Wednesday, May 14, 2008

Pilates vs. Yoga

Photo credit: Chris Fanning,

Pilates and Yoga have gained significant popularity over the last 10 years with athletes of all sports, genders, and ages. Many studios are now offering pilates and yoga for kids. They have both become the cross-training choice of many endurance athletes. I have taken a series of classes in both basic yoga and pilates. Yoga, the older of the two disciplines (originated in India over 26,000 years ago), literally means "union". This union is between the mind, body, and spirit. There are several different branches of yoga (8), but the one we mostly identify with is described as Hatha Yoga, which refers to the practice of physical postures and poses (asana). Depending on the tradition of the instructor, classes can combine these postures and poses with relaxion and meditation to acheive a therapeutic healing of the mind, body, and spirit. Pilates, originally developed and taught by Joseph Pilates 80 years ago, is a series of exercises that are performed with the goal of elongating the muscles of the spine, developing core strength (the powerhouse: abdominals, postural muscles, gluteals), muscular control, and balance. Both disciplines are very concerned with quality of movement and being connected with your body in order to control movement. A meditative state of body awareness can be acheived with both disciplines in order to have a therapeutic stress relieving component.

All of that being said, I find that there are great benefits to both. As with all types of fitness and strength activities, I believe one has to identify their own goals when beginning a program whether it be going to the gym for a workout or starting a yoga class. The word that comes to my mind is balance. In my experience, yoga poses tend to focus more on flexibility. This is not to say that the poses don't require strength, because I can tell you that this is far from the truth. There are several poses that I couldn't even start because i didn't have the strength to hold the position. On the other hand, Pilates classes seem to focus on strength and control. To be honest though, some of the movements in the class I had trouble performing because, you guessed it, I wasn't flexible enough. To solve these dilemmas, I found that many of the pilates and yoga instructors would incorporate movements from both disciplines to supplement those deficits. I'm by no means an expert in either of the disciplines, so I don't know to what extent they overlap, but I did find that many of the movements overlapped each other i.e. flexibility movements in pilates and core strength movements in yoga.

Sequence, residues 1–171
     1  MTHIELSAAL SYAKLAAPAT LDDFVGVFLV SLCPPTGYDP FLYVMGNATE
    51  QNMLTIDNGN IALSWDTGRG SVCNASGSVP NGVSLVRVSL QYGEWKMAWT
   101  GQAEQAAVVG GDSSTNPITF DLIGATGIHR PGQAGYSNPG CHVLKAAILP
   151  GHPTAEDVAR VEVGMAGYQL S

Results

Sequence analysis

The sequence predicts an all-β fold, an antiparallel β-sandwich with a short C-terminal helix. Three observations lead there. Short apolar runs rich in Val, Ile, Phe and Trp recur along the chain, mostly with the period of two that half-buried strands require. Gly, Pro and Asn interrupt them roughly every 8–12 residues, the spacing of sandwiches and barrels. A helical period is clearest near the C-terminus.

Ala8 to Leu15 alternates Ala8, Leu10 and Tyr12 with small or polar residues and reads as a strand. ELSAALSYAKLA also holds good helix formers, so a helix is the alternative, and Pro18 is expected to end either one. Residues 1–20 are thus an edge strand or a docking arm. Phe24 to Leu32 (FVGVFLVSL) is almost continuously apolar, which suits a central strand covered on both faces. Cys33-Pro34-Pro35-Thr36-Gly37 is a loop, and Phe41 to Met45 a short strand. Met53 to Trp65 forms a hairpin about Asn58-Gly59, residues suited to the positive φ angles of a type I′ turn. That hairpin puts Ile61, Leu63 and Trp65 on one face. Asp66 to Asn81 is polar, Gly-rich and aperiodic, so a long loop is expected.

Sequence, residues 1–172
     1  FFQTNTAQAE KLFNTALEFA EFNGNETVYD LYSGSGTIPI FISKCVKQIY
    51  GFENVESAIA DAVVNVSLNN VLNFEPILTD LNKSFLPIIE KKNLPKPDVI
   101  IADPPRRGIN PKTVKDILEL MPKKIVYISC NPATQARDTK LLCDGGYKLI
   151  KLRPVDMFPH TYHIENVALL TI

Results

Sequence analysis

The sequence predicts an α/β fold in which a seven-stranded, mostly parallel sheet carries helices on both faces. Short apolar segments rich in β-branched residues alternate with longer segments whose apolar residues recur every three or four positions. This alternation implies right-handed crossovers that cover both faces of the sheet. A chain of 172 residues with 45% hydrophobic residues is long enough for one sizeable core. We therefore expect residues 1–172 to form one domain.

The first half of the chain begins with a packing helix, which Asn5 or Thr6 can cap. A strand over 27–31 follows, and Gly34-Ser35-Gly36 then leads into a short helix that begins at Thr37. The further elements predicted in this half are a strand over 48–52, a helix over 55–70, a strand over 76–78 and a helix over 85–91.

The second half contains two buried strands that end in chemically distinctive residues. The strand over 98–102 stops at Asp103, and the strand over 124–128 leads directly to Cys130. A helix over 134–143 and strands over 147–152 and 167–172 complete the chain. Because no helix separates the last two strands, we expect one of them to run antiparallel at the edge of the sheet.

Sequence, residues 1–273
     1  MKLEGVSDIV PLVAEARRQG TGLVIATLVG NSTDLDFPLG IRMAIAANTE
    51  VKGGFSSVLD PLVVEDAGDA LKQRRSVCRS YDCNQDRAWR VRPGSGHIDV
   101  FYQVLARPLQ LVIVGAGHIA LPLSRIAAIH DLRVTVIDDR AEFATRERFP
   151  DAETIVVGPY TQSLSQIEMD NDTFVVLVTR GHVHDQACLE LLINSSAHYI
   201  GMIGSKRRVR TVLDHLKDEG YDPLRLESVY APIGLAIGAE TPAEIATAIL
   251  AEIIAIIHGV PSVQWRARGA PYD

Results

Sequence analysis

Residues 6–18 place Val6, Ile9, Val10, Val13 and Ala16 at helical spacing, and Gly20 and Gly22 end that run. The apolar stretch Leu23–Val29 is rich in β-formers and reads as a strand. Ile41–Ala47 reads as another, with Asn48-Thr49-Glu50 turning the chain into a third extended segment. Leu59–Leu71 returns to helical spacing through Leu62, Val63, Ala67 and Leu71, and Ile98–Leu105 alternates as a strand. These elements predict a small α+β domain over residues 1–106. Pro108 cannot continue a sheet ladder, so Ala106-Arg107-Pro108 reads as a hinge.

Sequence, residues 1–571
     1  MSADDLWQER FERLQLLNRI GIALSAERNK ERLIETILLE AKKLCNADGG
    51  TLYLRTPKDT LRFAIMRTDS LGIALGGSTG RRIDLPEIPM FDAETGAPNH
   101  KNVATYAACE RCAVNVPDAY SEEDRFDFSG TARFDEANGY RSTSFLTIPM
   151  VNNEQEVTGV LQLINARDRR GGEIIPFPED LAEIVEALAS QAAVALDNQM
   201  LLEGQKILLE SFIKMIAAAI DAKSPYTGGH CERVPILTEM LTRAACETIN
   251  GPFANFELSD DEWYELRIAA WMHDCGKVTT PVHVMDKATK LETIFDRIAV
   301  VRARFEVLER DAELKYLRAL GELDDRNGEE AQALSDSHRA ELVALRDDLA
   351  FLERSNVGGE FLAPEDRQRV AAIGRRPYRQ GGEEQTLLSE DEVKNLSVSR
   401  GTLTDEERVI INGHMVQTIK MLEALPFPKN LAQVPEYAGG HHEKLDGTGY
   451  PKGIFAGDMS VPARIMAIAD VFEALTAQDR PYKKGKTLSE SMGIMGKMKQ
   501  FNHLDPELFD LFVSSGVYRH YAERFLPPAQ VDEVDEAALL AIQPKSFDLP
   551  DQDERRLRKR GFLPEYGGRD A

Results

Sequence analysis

Balance is the key. In my field, I see muscle imbalances everyday. I can see a muscle imbalance from a mile away when i'm watching a track meet. There's millions of opinions out there as to the cause of these imbalances. Is one muscle too tight? Is one muscle weak? Is the joint or joints hypermobile (too flexible)? Why are they in this state? Do they have a faulty postural habit (sitting on feet)? Do they have a faulty movement pattern (squatting or bending)? Have they had an injury or surgery that caused this compensation? Do they have a genetic trait (true leg length difference)? The list goes on and on. I believe that in most cases the cause of muscle imbalance is a combination of two or more of these.

Too often, I see athletes that have chosen to focus on only one part of the puzzle. For example, a runner who runs 50-60 miles a week and does yoga twice a week comes into the clinic with hip pain. In this situation the person was focusing on flexibility and neglecting stability. Their hamstrings, glutes, piriformis, and lower back muscles were above average for range of motion and flexibility, but their hip strength (buttock muscles and abdominals) were weak leaving muscles that were being overworked in order to control the hip and pelvis while running. Correcting the muscle imbalance with functional hip and core strength allowed them to return to running. This is just one example of many.

I am not saying that everyone who does either yoga and pilates and is a runner is going to end up injured or with a muscle imbalance. I know many athletes who do both, just one, or neither and never have a problem. My goal is to make people more aware of balance between strength and flexibility in order to perform better. I did both at separate times and felt stronger while running. I felt like my body was more stable and was able to be more efficient during workouts. Yoga definitely made me more fluid and relaxed while pilates made me feel longer and more powerful.

If you are injured or question whether you might have a muscle imbalance that might be hindering your performance there are many good (and some, not so good;) articles on the internet. Consult a sports medicine physician, physical therapist, or athletic trainer for a postural analysis or movement screen to identify problem areas.

Both pilates and yoga are great options for cross-training. Just remember to keep balance.

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